Mike Roberts, chief creative officer at retail brand consultancy Green Room, explores how our senses and emotions affect our buying behaviour.
Think we don’t buy things when we’re emotional? We do it all the time. Think of the last time you walked into a retail store; can you recall your emotions and feelings? Chances are that one of them would have been hope – but how long did that feeling last? Because in general, we have high expectations and a low stress threshold when we’re on a purchasing mission.
Our consumer needs must be met as seamlessly as possible, whilst at the same time we seek to enjoy the purchasing experience. Consider for a moment the regular grocery shop; it’s what retailers refer to as a ‘distress’ or ‘convenience’ shop – for the most part, made as easy and convenient for us as possible. However, whilst the navigation of the store might go relatively smoothly, the end of that particular journey is almost guaranteed to frustrate – arrival at the checkouts; we spend time evaluating the queues, skilfully selecting the one which is obviously quickest and almost invariably pick the wrong one. Typical. Result? We leave the store feeling frustrated and a little irritable.
Head vs Heart
Most consumers today are in search of an immersive experience. Along with buying products and services, we expect to buy enjoyable, memorable and wonderful experiences that stir our emotions by immersing our senses - allowing us to transform a tedious, ordinary in-store experience into a pleasurable, emotional journey. When it comes to purchasing – from food to clothes to technology – our emotions and senses are continuously stimulated.
But what drives our purchase decision when we encounter sensory overload? We employ our logic, right? Wrong. According to Antonio Damasio’s latest findings in neuroscience, decision making isn’t logical, it’s emotional. His research discovered that it’s difficult to make decisions if we lose the ability to feel emotions. Most of the purchasing decisions we make are based on our emotional state. So, we may start with logic but then use emotion in the final choice.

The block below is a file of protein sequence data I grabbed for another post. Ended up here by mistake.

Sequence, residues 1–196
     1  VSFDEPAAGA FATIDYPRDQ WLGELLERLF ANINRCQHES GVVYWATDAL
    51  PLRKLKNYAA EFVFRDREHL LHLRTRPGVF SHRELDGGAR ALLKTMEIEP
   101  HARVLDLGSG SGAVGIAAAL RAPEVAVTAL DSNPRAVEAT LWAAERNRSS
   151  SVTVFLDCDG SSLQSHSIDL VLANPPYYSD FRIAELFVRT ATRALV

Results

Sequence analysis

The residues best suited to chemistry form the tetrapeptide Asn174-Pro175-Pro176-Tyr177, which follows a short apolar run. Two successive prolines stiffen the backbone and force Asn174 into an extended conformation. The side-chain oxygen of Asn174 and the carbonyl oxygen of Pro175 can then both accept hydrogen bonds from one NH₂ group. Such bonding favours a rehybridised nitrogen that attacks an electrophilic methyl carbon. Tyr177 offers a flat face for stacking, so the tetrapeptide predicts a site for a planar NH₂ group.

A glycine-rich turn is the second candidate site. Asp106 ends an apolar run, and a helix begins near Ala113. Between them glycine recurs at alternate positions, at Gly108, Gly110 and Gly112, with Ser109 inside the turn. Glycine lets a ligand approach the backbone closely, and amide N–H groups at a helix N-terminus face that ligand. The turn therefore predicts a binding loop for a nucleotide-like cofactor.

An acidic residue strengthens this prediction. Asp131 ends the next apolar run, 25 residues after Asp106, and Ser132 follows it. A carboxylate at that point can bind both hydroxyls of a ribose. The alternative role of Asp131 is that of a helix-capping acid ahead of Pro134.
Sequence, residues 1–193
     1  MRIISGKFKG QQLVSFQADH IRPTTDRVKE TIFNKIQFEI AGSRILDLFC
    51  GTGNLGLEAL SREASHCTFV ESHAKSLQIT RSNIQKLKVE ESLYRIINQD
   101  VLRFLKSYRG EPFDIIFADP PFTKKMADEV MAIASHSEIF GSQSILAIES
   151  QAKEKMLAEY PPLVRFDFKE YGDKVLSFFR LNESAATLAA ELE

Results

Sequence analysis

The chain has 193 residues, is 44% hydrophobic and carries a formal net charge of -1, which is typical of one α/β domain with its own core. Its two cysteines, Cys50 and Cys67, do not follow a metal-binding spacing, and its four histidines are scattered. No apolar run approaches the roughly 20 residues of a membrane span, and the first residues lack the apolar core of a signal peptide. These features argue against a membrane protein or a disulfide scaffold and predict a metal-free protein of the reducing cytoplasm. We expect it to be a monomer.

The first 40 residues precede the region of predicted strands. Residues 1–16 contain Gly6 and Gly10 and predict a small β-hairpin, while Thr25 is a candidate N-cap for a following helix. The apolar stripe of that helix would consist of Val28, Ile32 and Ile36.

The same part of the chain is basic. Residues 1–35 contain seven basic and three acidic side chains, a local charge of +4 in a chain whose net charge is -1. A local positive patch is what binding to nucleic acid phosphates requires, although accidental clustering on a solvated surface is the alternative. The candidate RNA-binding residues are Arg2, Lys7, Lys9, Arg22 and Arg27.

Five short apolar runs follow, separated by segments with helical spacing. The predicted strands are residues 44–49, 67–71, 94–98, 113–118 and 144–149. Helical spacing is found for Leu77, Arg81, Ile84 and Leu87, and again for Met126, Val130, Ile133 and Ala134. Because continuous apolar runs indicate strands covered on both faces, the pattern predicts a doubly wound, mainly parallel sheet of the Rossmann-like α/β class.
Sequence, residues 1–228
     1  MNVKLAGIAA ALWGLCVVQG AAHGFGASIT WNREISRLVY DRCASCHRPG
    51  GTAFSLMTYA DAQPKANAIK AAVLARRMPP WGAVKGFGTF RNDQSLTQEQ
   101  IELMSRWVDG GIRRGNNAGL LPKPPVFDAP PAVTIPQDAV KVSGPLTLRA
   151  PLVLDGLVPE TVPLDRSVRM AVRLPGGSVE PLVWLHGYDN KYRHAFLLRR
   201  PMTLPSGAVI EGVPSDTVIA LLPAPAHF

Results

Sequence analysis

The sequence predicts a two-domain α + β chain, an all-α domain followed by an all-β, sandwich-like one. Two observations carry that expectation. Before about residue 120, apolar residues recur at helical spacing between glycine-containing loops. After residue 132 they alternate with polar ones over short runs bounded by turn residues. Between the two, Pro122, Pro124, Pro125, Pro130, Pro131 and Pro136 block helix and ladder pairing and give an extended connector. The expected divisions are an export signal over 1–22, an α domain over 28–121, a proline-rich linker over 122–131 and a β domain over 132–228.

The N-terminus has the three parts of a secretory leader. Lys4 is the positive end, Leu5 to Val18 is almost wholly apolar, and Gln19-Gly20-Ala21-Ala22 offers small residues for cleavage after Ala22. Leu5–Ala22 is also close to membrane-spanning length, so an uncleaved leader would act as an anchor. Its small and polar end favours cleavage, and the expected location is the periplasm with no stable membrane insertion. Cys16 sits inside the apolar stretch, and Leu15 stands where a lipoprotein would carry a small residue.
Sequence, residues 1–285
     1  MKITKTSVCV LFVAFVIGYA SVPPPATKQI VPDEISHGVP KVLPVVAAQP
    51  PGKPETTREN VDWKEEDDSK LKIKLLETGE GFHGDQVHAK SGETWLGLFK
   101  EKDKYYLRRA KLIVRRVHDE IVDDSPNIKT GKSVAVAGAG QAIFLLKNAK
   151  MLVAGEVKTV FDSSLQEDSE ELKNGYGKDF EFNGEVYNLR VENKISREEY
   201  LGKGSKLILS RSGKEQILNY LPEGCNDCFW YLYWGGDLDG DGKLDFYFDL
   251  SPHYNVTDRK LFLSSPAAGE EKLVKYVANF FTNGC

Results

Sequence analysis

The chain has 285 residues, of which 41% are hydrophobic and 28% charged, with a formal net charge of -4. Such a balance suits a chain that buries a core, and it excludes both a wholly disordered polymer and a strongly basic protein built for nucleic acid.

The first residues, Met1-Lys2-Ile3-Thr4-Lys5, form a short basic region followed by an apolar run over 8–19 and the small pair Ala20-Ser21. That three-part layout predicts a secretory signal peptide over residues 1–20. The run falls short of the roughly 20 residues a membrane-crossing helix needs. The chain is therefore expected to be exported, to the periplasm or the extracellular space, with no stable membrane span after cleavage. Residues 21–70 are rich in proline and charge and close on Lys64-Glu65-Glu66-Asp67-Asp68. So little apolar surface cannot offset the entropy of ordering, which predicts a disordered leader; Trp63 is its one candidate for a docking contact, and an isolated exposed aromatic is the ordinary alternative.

The Power Couple – Emotion and Senses
Emotions affect what we do, want and buy. The ‘wheel of emotions’ classification system suggests that there are 8 primary emotional dimensions: happiness vs. sadness, anger vs. fear, trust vs. disgust and surprise vs. anticipation. Humans are emotional beings, who also happen to experience the world through senses.
Our emotions and senses are very tightly intertwined and as such, senses play an integral role in our emotional processing, learning and interpretation. What we see, hear, smell, taste and touch can influence how we feel.
At its most basic level, there is a good reason why brands often throw a coffee shop at their stores in order to drive footfall – it’s not a random action. How do you feel when you smell freshly brewed coffee? Or when you hear your favourite song?
Mood mapping shows that smells evoke emotions. Nice smells can make you relax, calm or energised, while bad odours make you feel uncomfortable or even stressed.
There is also evidence to suggest that there’s a close relationship between taste and mood. 'Mood and emotion can affect the "sensory discriminatory aspects of tasting" which is why people often stop eating following a relationship break-up or when they are grieving because food simply doesn’t taste as good as in happier times,' says Professor Charles Spence.
Furthermore, moods are stimulated or relaxed on the basis of sensations of the skin. Rough texture is often positively valued for men, while smoothness is sought by women.
Some colours such as red are arousing while others, such as blue, are relaxing. As consumers we often make decisions quickly and subconsciously. However, there are opportunities where it’s possible to influence our perception of a brand through using the five sensory influencers at each stage of the decision making process.
So, be sure to put your customers in a good mood when they enter your store if you want to drive sales. 'There is a human expectation of hope when we enter a store,' says Bob Phibbs, The Retail Doctor.
Be More Human-Centred
There is always an opportunity to create a wonderful customer experience by the interplay of the senses and forming an emotional attachment. We often buy products not for what they do, but for what they mean. With so much information overload we use emotional filters and subconsciously assign meaning to products. Often that meaning reflects who we are, through the products we buy. So, in the case of perhaps that expensive handbag or watch, our purchase decision can hold high personal significance – we are often making a lifestyle statement about the type of person we are, or want to be.
The human-centred approach is ultimately about making the experience a memorable and remarkable event. If you’re seeking loyal customers, turn the customer journey into an emotional journey that creates a positive experience; they’ll love you for it and might just come back for more.